Game review – Horizon Zero Dawn

Here be spoilers!

Next up in my ongoing journey through the delights of Playstation Now is 2017 RPG Horizon Zero Dawn.

There is a lot to like here. The plot is similar in scope to Mass Effect; a sweeping apocalyptic saga of survival and desperation. We get the benefit of seeing humanity’s doom play out twice. In flashbacks we learn how semi autonomous robots went rogue, populating the globe with killer machines. For the 1st half or so of the game I was intrigued to discover how people as a species managed to get out of their increasingly dire situation. It packs a powerful punch to discover that, for the most part, they didn’t. Instead a bunch of scientists hole up in a bunker to programme a super AI to reboot the planet an indeterminate number of centuries later. But the reboot doesn’t quite go to plan, and history is in danger of repeating itself.

Avatar/Heroine Aloy is everything you want in a character you’ll be inhabiting for a few dozen hours. In spite of super-sized portion of childhood rejection, Aloy reaches late adolescence as a smart, empathetic & brave young woman. Voice actor supremo Ashly Burch fully deserves the plaudits gained for her work imbuing Aloy with knowing charm and steely determination in equal measure (not that I would expect anything less from the vocal powerhouse behind Life is Strange’s Chloe). And props to Rost, raising the bar for single Dads everywhere as he raises an emotionally mature surrogate daughter, capable of compassion as well as grit.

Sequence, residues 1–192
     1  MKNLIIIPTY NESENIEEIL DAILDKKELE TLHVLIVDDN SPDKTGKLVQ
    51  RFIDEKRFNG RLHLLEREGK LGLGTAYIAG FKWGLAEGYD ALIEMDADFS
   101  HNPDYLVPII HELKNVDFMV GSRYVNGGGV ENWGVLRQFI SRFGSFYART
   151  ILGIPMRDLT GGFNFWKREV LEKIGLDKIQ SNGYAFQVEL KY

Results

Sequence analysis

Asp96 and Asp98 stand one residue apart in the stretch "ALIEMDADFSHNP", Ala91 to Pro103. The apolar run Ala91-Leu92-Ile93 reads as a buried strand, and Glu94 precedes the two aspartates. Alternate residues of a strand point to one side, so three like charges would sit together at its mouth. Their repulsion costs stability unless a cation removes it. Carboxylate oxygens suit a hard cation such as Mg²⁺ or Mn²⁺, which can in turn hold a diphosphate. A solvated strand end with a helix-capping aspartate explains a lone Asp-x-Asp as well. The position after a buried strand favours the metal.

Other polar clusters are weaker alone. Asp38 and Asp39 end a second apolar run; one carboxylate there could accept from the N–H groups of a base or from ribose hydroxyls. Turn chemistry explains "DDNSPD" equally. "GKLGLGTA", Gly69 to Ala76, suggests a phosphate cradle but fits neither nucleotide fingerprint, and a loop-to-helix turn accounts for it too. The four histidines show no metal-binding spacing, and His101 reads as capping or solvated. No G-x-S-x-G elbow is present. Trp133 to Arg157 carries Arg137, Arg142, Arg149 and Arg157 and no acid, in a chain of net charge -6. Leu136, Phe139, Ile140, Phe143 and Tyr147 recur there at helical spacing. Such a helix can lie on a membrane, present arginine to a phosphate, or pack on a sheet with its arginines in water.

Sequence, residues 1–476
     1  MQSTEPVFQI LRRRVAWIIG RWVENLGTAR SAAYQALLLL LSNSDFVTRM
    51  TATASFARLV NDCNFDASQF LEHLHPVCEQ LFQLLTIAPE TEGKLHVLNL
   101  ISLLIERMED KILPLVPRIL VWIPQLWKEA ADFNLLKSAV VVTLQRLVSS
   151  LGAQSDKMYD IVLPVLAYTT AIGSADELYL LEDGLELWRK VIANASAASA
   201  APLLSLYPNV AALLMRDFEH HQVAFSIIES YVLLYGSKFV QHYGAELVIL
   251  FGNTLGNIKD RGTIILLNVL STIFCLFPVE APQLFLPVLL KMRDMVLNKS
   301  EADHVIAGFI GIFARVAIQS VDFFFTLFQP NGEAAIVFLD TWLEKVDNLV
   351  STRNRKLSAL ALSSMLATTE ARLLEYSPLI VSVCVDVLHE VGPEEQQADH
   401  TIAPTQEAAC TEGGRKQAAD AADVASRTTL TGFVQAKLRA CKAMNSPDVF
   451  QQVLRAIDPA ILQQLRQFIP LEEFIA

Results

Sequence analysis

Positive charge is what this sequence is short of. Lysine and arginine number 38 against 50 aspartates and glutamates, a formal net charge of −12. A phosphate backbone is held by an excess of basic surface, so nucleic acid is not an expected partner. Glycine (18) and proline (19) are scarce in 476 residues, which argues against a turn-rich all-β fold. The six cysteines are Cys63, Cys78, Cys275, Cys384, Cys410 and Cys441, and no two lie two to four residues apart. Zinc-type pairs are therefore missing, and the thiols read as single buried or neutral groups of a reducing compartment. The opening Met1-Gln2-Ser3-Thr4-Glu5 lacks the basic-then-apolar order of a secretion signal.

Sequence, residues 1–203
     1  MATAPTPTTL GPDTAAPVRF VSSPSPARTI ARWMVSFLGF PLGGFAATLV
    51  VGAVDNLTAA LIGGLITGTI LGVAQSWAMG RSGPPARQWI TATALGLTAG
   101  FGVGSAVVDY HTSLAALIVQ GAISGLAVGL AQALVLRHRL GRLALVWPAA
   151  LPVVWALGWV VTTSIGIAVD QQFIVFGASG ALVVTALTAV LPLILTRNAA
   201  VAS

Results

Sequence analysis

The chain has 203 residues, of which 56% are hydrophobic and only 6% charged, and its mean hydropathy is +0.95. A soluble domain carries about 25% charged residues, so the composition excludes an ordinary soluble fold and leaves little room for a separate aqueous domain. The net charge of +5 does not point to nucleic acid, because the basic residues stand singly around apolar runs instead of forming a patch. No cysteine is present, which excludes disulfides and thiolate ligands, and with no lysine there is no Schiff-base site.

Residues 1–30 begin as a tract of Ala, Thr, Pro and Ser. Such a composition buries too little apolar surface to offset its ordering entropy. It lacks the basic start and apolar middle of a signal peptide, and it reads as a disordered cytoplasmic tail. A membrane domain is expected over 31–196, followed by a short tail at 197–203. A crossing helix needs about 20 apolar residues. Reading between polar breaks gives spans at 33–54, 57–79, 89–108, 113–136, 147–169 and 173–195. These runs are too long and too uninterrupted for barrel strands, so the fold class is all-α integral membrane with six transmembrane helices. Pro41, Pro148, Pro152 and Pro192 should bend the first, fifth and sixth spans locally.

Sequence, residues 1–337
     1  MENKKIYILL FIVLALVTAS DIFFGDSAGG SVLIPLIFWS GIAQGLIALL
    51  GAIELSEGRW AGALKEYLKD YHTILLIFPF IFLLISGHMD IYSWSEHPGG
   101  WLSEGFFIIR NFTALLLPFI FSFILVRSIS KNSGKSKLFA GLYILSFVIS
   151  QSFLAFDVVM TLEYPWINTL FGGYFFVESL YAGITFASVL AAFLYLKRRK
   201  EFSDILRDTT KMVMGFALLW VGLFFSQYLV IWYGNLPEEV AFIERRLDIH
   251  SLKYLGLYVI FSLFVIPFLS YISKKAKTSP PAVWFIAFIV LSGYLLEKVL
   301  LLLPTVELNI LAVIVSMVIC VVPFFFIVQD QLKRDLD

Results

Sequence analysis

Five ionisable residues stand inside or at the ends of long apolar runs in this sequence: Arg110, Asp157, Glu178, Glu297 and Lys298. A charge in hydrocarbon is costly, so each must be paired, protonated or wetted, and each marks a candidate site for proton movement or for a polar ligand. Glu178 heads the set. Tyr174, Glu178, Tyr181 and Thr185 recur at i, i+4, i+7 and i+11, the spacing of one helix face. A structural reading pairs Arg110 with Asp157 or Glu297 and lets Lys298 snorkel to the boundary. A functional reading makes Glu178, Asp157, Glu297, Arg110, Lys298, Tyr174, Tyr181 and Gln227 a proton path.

HZD got some stick for the combat mechanics, which are admittedly on the clunky side. But for me what was more jarring is how much of the action just feels a little bit…recycled. The climbing and ziplining is deeply reminiscent of the antics of one Lara Croft. The animation for boosting a partner up a vertical incline is eerily similar to Unchartered. Sweeping the bandit camps is like being back in the realms of Far Cry. And the aesthetic of the Cauldrons bears more than a passing resemblance to the Prothean ruins of M.E. Andromeda. Or perhaps this is just sign that I play too many video games!

The HZD world is populated with diverse tribes with roots variously in Incan, Innuit and Native American communities. And whatever the Oseram are mean to be. (Oh, let’s face it, they’re the Dwarfs!) In the grand tradition of DLC campaigns both world-building and world-subverting we discover that Banuk territory The Cut is in fact Montana, USA. Which by rights means the rest of the map should be Montana as well. Hey, perhaps this actually is all a far future fan fic of Far Cry 5. That makes about as much sense as anything else.

Great game, solid plot, fabulous voice acting & some satisfying challenges. A good choice for whiling away the many lock down hours. 4/5.